Friday, August 2, 2013


Northcote Social Club
Selling out within weeks of going on sale, there must have been a tour manager keen to get some of the packed-out club vibe going since this line-up could have sold out the Hi Fi. Setting the sweaty scene are Frottera, a sun-born throwback blast of Cali-punk. Actually roadies for the headliners, the band are hilariously exuberant and anyone turning up to Melbourne in shorts in July deserves every cheer they get. The rapidly filling venue like their style, but the (exclamation) point is made by the 30-minute mark.

Teenage Mothers follow and, though they seem to be making the right moves and noises, there is a sense of emptiness to what they do. Individually good musicians, their Black Angels-style psych rock is a simple and effective sound, but the music feels utterly meaningless and devoid of any integrity. While some in the audience respond warmly, there is an overwhelming sense of deflation to their surprisingly short set.

Thankfully, the loud and dumb punk rock of Bleeding Knees Club arrives to resurrect anything you might have been missing from 80s-90s pop punk and wanted spat back in your face. Tight and with pithy riffs, the crowd stand and watch, which sucks the music of most if its power, but songs like I Just Wanna Have Fun, and Teenage Girls take the identikit punk structure and kick it around while remaining infuriatingly catchy. A surprise cover of Bohemian Like You sits nicely but does show then up and raise the question as to why they don’t make their songs just a little more interesting, but then the closing song and recent single Feel is peerless pop punk and epitomises all they do best.

By the time Palma Violets arrive the venue seems to have turned into the Elephant and Wheelbarrow with British accents filling the thick air. Bursting out with some full force pub rock boogie, there is a rare sense of fury and intent to their set, but, as on their debut 180, it still sounds distant and thunderous rather than bright and punchy. The guitar mixed low and keyboards softening the textures, it’s left to hyperactive bassist Chilli Jesson to drive the songs visually and musically. While their set jumps from one garage rock anthem to the next, it’s the genius of their single Best of Friends, and it’s monumental chorus that gives their set it’s fist-pumping highlight. Step Up For the Cool Cats is another cracker and We Found Love simmers, but it’s the sheer attitude that wiry and saturated Jesson exudes that is the real drawcard. Lighting up a fag mid-set and later crowdsurfing to the back of the room are both rarities at the NSC. Closing with the rousing 14 and encoring with Brand New Song, it’s the energy and bravado they bring to the standard rock chord progressions they spin through that so impresses, and still leaves the sense that the best is to come.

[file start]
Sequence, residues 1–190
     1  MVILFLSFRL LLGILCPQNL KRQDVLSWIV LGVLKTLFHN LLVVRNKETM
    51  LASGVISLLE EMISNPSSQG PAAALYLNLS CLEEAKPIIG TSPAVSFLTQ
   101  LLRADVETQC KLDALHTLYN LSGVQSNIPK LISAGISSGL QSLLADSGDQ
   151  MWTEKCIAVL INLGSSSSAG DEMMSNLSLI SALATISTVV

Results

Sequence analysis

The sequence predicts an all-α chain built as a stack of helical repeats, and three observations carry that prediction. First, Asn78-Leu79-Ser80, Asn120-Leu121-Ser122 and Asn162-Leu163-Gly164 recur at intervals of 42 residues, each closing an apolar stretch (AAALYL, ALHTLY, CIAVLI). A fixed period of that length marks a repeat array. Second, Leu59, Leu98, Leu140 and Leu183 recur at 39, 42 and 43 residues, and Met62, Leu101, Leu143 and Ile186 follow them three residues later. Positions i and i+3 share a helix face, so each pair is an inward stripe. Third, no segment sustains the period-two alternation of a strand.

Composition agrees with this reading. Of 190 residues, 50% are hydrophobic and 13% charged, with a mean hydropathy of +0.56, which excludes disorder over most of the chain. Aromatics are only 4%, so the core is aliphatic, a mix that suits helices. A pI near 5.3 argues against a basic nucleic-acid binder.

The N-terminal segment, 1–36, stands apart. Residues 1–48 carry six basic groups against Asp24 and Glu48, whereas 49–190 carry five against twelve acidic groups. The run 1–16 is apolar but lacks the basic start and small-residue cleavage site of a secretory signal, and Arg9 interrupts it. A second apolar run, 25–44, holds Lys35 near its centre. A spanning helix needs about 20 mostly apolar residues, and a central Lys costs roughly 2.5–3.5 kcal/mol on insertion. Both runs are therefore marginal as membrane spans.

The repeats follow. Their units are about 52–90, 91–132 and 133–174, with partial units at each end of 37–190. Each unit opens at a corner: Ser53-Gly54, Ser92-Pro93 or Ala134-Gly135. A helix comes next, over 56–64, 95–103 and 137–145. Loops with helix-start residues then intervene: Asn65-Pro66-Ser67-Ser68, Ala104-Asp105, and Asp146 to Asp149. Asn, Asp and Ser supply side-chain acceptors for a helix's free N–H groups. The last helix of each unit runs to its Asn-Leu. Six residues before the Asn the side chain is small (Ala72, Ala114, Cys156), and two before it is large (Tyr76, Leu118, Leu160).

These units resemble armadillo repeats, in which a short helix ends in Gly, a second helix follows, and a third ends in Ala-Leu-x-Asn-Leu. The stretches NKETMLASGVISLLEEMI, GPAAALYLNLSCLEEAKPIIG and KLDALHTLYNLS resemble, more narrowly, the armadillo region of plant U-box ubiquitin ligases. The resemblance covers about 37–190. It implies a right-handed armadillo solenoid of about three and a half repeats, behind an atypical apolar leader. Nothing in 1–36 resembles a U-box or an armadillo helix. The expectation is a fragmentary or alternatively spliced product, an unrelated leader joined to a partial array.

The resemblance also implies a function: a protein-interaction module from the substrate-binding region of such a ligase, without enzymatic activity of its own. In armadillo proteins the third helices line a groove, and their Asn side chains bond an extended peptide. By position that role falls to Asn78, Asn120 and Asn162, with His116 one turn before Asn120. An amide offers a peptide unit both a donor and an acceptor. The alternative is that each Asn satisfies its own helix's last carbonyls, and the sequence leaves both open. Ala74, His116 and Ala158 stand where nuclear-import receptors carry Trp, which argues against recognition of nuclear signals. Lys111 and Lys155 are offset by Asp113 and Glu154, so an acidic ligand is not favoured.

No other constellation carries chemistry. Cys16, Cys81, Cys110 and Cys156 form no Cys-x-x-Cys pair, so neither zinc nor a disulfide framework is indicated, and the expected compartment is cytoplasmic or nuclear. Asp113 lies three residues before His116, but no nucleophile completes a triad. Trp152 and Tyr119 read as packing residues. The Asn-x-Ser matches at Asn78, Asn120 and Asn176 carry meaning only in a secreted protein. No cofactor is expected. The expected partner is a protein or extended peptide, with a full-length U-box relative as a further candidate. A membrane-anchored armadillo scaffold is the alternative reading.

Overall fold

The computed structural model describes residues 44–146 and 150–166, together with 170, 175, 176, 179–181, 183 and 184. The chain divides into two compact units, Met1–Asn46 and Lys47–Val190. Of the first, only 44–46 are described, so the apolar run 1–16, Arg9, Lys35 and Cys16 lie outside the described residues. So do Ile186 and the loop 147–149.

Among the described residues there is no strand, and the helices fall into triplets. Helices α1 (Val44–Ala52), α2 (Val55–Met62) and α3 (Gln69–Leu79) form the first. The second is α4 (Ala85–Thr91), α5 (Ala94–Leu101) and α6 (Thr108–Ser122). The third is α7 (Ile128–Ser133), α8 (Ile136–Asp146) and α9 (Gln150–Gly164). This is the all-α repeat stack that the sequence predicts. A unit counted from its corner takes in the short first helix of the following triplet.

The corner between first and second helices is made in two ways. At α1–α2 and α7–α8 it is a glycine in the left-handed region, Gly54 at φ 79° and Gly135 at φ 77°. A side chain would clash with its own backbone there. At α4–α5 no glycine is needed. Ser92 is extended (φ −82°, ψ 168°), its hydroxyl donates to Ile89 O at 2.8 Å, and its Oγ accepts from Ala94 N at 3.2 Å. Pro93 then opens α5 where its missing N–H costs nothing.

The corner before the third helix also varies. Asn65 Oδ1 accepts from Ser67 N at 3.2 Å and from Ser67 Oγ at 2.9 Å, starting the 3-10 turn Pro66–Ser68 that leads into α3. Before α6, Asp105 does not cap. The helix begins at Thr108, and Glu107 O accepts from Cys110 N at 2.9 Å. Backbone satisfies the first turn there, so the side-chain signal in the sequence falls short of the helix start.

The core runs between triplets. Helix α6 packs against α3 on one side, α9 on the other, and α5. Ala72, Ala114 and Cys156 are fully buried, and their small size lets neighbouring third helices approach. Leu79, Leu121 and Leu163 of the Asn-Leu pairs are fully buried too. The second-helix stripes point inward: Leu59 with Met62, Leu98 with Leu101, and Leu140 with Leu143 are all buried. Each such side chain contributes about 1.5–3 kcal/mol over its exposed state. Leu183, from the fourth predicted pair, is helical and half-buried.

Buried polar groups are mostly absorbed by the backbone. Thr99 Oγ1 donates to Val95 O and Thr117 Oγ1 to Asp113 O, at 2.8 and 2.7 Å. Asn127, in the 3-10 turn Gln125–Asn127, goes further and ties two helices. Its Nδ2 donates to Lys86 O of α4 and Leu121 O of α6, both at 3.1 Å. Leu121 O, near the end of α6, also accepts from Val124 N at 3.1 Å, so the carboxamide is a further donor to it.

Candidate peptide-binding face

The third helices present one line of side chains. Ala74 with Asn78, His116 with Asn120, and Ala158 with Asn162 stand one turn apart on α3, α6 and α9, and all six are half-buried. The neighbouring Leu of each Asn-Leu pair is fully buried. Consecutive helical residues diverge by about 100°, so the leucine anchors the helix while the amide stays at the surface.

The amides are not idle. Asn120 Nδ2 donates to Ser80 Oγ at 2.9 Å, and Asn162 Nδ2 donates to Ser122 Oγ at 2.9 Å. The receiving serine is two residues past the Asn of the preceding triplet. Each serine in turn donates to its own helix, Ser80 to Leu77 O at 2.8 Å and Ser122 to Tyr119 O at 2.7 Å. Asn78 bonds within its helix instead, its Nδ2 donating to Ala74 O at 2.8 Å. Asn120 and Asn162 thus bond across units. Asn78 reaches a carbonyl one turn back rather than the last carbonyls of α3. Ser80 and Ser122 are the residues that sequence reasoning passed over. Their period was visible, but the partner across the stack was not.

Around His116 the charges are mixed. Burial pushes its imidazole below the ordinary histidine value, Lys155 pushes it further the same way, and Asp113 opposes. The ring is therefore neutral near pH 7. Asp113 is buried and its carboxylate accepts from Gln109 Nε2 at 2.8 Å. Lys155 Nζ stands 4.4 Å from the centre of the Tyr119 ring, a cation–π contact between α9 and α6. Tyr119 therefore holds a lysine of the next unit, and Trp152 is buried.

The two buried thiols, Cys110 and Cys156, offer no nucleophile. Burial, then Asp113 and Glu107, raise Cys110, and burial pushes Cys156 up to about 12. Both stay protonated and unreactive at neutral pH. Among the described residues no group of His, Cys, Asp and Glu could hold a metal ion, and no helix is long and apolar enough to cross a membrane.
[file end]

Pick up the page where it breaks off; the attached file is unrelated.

The Hi Fi Bar
To an overwhelmingly oestrogenic crowd and a sold out, packed out room The Preatures blast through a tight set of polished rock. Sharp, punchy, stylish and vaguely dangerous in a way that channels the early days of the Cherry Bar without the fear of ever playing a bum note, the five-piece are a sleek machine. Lead singer Isabella Manfredi oozes charisma and channels sheer joy with a wide boyish grin and no less than three costume changes in half an hour. New song Cruel is a barnstorming slice of guitar pop and deserves a charting come Hottest 100 time. Once the songs slow down they lose their individuality but any set that ends with Is This How You Feel? has got to be considered a winner.

Arriving on stage to a blasting 99 Problems yet initially drowned out by emphatic cheering, Haim are possibly the first band to sell out the Hi Fi Bar with just four released songs to their name. Within seconds it’s apparent that something big is happening here, and you can throw all the accusations of conservative influences you like that this band, but they won’t sound like anything other than three sisters making music for each other. 

With today’s music news revealing that their debut album has recently been finished in Sydney, the Haims and drummer Dash Hutton open with Better Off, a track that sends the audience into ear piercing raptures. Moving through The Wire, Honey and I and Oh Well – songs presumably featuring on their forthcoming album - they move from a gritty hard rock through intricate pop hooks, bluesy ballads and some truly endearing banter without ever breaking a sweat. Regardless of genre, their fantastically imaginative use of dynamics and spectacular vocal arrangements are constantly impressive.

Whatever fraternal force it is that propels Haim, it feels like a privilege to be let in on it; they could be playing their garage or Wembley. Bassist Este’s bass face (and playing) is magnificently unique, guitarist Danielle channels an angry folk rocker brandishing a Gibson SG and Alana (aka ‘Baby Haim’ on ‘her first big tour’) does everything with all of her seemingly limitless energy. All three women beat floor toms and profusely remind us that we are the ‘coolest’, ‘sexiest’, ‘most attractive’ and ‘dopest’ crowd they’ve ever played to, to which we scream. 

A cameo from Momma Haim sends the audience into further peals of deafening shrieks before their pithy set draws to a close with Falling, Go Slow, Don’t Save Me and Forever. Naturally, they’re brought back out for an encore, for which they reward us with new track Let Me Go and an epic extended taiko-style floor tom solo. Not one person tramping up the stairs into the cold night air looks anything less than ecstatic, and it’s hard to think of another band that could generate this much love with a set of almost entirely unheard songs. Expect to get familiar.